Two cosmic butterflies: NGC 6302 and Minkowski 2-9

Image credit: Hubblesite/STScI-2009-25

Both nebulae featured here are bipolar, axisymmetric planetary nebulae and both have been called the Butterfly Nebula, although each has other names. The central star of NGC 6302 is one of the hottest stars known:

NGC 6302 lies within our Milky Way galaxy, roughly 3,800 light-years away in the constellation Scorpius. The glowing gas is the star’s outer layers, expelled over about 2,200 years. The “butterfly” stretches for more than two light-years, which is about half the distance from the Sun to the nearest star, Alpha Centauri. The central star itself cannot be seen, because it is hidden within a doughnut-shaped ring of dust, which appears as a dark band pinching the nebula in the center. The thick dust belt constricts the star’s outflow, creating the classic “bipolar” or hourglass shape displayed by some planetary nebulae. The star’s surface temperature is estimated to be about 400,000 degrees Fahrenheit, making it one of the hottest known stars in our galaxy. Spectroscopic observations made with ground-based telescopes show that the gas is roughly 36,000 degrees Fahrenheit, which is unusually hot compared to a typical planetary nebula.


Minkowski 2-9 is an outstanding example of a highly collimated outflow and is in many respects a quite unique object. All evidence points to the presence of a pair of interacting stars at its centre, the observed jet being produced as the result of mass transfer between the two components, and its rotation around the axis of symmetry of the nebula being a direct consequence of the orbital motion:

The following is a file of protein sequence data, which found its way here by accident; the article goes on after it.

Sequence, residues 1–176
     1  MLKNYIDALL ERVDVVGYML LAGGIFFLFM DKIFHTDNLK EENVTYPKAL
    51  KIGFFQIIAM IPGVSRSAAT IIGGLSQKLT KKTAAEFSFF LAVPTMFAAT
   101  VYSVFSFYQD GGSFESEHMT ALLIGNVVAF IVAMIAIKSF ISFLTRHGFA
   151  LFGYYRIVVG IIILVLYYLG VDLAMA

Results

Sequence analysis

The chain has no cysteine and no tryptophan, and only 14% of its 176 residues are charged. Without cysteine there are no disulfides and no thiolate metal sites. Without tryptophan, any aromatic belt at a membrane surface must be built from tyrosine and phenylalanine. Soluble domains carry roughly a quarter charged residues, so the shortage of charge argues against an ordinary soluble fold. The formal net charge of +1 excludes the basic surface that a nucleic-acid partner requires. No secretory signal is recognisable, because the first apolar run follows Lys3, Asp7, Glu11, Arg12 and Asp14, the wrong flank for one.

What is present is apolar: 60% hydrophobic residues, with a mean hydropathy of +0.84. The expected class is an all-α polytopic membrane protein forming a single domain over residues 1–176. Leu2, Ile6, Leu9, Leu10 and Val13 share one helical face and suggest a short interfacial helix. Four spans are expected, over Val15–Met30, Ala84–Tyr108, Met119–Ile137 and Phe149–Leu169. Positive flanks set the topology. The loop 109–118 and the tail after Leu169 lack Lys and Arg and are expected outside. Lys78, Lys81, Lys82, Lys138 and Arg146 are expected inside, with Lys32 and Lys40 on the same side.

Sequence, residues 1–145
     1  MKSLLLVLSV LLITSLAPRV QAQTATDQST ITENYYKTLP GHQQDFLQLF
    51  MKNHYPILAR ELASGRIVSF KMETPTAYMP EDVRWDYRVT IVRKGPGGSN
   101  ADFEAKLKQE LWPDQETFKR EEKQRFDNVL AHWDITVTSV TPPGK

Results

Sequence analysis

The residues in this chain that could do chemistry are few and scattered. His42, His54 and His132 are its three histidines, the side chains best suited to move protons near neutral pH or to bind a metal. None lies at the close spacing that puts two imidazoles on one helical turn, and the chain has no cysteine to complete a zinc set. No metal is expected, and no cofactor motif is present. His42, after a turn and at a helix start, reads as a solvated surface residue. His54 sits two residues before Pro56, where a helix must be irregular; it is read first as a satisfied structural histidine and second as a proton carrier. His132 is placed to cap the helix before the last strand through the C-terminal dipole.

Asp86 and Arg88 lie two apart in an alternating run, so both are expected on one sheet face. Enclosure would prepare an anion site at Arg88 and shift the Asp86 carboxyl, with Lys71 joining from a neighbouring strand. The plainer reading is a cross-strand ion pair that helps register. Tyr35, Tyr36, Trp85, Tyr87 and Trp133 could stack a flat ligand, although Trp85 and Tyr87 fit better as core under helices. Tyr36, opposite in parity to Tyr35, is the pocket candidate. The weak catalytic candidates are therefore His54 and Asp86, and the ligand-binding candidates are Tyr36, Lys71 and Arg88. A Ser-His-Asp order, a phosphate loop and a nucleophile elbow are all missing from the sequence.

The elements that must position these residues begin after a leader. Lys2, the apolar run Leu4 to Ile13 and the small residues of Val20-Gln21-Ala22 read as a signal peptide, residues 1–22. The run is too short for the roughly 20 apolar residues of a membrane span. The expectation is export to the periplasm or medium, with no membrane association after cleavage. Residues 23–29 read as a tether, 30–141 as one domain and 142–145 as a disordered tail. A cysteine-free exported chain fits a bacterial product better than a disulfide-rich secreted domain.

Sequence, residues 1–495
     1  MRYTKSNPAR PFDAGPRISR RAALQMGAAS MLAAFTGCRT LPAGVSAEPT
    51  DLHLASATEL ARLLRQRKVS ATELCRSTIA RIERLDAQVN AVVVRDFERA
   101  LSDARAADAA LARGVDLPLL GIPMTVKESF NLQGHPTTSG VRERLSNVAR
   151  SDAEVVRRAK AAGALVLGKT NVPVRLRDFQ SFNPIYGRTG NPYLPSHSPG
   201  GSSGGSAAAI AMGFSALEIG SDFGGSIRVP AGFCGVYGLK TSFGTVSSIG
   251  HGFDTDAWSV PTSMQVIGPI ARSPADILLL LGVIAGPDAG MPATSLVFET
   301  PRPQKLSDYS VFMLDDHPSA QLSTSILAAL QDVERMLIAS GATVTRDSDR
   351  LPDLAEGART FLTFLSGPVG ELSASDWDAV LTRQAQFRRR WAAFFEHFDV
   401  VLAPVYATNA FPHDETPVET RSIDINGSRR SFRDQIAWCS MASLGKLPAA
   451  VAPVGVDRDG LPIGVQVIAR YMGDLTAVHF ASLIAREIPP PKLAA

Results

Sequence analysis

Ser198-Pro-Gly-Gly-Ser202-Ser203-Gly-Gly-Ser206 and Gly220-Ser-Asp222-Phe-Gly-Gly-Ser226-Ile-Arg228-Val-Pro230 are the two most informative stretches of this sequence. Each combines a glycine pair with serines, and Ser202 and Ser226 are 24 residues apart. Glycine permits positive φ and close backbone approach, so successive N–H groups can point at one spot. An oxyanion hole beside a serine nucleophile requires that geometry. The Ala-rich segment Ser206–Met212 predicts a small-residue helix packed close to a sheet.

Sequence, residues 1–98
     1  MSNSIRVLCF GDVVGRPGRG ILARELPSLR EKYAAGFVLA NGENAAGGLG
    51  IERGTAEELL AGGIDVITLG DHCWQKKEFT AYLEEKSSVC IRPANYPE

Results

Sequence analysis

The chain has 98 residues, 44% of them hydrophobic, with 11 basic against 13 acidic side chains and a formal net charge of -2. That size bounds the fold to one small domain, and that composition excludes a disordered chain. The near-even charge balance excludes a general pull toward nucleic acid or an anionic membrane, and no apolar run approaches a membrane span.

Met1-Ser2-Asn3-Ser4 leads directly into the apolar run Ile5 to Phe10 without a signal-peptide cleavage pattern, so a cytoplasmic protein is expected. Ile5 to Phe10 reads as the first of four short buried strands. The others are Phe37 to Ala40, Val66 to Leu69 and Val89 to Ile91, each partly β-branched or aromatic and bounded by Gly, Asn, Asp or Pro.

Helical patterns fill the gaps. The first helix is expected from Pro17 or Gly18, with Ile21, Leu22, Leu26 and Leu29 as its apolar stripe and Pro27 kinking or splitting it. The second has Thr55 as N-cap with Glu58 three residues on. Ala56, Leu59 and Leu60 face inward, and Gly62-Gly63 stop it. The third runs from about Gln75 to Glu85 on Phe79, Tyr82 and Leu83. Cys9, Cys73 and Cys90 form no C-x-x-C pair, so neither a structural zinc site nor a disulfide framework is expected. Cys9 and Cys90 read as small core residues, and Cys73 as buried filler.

The data (right) reveal that the pattern moves around the unseen central star with a period around 90 years, and that it is likely to be produced by a rotating, highly supersonic beam of particles (a tenous jet) which hits and ionizes the gaseous walls of the hollow hourglass nebula. The jet travels at the unsually high speed of 10000-15000 km per second. At the densities of the gas in the nebula, certain atoms like O2+ recombine and their emission switches off as soon as the beam sweeps past, producing the observed effect of a rotating lighthouse (green feature in the figure).

The animated gif at right is courtesy of Wikipedia. A stunning image of the object, which does indeed resemble a ‘space lighthouse’, is available via the IAC, here. The paper is Corradi et al., 2011, A&A, 529, 43, ‘The evolution of M 2-9 from 2000 to 2010’.


One Response to “Two cosmic butterflies: NGC 6302 and Minkowski 2-9”

  1. Ciao! Vorrei solo dire un grazie enorme per le informazioni che avete condiviso in questo blog! Di sicurò diverrò un vostro fa accanito!

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